Battlefield 2042 is an apt name for the latest effort from developer DICE as the series attempts to seize the future.
The vaunted first-person shooter franchise returns to a modern backdrop after 2018's Battlefield V dabbled in the World War II setting and struggled out of the gates with issues.
But that's the least notable change in 2042. DICE has gambled with the removal of the traditional player classes that have defined the franchise, instead leaning into bits and pieces from other shooters with interesting results.
There's also nothing to the 2042 package besides multiplayer. But the three hubs found within the release offer dramatically different experiences and, on paper, could classify as whole games themselves.
Released with some of the launch issues that have come to define the series recently, 2042 gambles on the innovations keeping players around while some of those problems get ironed out post-release.
Graphics and Gameplay
Battlefield 2042 is a treat from an immersion standpoint, mostly thanks to jaw-dropping draw distances across a variety of locations that serve as hubs for all-out war.
When taking into account some of the classic maps added to the Portal section of the game, 2042 runs the gamut of beautiful locales. There are a lot of modern settings, but also more nature-minded romps through lush foliage and even a trip to a vast desert.
As a whole, visuals are stunning in most respects, with weather effects particularly good. Sheets of rain, sandstorms and actual natural disasters like tornadoes change the complexion of a battle at a moment's notice. As usual for the series, so does the destruction of environments once vehicles start blowing holes in walls.
At times, though, the size of some maps is a negative, as wild as that might sound for a game that can lobby 128 players together. But gameplay as ambitious as this needs to walk a fine balance, and some maps are too big with so little in the way of cover, making it feel like a battle royale as opposed to what it really is.
But it's clear 2042 attempts to mitigate this issue some with the arrival of a tablet feature that lets players summon vehicles on the fly, which makes things flow a little better. And in a testament to some solid map design, clusters of buildings are smartly positioned to let players maximize new abilities like grapple hooks and wingsuits. They generally work well as, say, attackers progress across a massive patch of land in a mode like breakthrough.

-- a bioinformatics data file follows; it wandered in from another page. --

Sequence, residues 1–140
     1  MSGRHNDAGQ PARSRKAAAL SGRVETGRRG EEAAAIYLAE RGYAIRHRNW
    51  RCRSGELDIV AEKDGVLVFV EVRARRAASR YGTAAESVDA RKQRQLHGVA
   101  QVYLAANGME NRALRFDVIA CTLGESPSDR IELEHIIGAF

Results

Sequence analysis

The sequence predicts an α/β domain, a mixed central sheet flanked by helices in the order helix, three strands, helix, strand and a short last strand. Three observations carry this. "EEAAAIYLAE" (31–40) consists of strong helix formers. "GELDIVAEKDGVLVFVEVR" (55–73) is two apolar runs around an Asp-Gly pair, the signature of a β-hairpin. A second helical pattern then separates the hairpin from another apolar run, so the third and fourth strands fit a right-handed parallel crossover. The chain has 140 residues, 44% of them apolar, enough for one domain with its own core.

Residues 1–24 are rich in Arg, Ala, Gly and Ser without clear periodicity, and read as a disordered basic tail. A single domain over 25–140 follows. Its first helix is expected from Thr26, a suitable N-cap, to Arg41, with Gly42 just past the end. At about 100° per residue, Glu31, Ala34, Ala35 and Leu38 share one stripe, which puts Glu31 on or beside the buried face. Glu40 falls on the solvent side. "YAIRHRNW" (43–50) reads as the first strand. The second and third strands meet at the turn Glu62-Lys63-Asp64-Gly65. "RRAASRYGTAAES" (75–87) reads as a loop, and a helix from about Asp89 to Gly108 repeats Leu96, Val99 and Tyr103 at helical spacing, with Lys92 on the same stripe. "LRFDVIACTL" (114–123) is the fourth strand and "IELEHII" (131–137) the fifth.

If there's a big negative at launch, it's the sound design. Something is off. Directional audio is nearly impossible to rely upon, with teammates' footsteps too loud, far-off gunshots sounding very close and the actual direction of those hard to discern, even with headphones.
That puts a (likely temporary due to patches) damper on the expected superb gunplay. The arsenal at a player's fingertips offers great feedback and punch with realistic recoil patterns to master. Weapons are realistic in the sense a player won't be getting long kills with close-quarters weapons and sniping long distances has bullet drop to consider.
Unfortunately, that is easy to overlook because time-to-kill seems almost random. Whether it's a glitch, connection issues or something else is hard to say, but players are often left feeling like opponents take a long time to kill, while the player seems to die instantly.
There's a very real PUBG (PlayerUnknown's Battlegrounds) feel to the attachment system, which is brilliant. Clicking and sliding new attachments onto a weapon on the fly is a no-brainer for the series. Fighting from elevated range with a scoped rifle, only to swap the scope for a holo sight while working down toward a mess of buildings and close combat is a real *chef's kiss* moment of evolution for the series.
Player movement is smooth and the new use of things like grapples to navigate the maps is helpful. Movement abilities from specialists feel like a natural progression to the gameplay.
It wouldn't be Battlefield without an array of vehicles to choose from. Jets, helicopters, tanks etc. all feel great in a difficult-to-learn-rewarding-to-master sense. It's a thrill to practice and eventually master an attack helicopter and go on a massive spree in a 128-person lobby. It's unparalleled in gaming, though it continues to be a game of chess as other vehicles and any players with anti-air equipment can counteract it quickly. That said, some post-launch tuning might be necessary with how overpowered a good player in a vehicle can feel at times.